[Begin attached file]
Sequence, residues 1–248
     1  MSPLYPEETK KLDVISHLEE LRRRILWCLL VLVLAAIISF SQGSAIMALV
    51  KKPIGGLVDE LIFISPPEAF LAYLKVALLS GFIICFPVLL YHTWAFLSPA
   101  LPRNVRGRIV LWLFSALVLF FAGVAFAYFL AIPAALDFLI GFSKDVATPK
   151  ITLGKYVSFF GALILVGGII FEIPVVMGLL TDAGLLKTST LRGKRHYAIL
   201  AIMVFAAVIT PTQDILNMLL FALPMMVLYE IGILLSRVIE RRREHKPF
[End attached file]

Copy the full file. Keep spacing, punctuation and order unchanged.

Sequence, residues 1–248
     1  MSPLYPEETK KLDVISHLEE LRRRILWCLL VLVLAAIISF SQGSAIMALV
    51  KKPIGGLVDE LIFISPPEAF LAYLKVALLS GFIICFPVLL YHTWAFLSPA
   101  LPRNVRGRIV LWLFSALVLF FAGVAFAYFL AIPAALDFLI GFSKDVATPK
   151  ITLGKYVSFF GALILVGGII FEIPVVMGLL TDAGLLKTST LRGKRHYAIL
   201  AIMVFAAVIT PTQDILNMLL FALPMMVLYE IGILLSRVIE RRREHKPF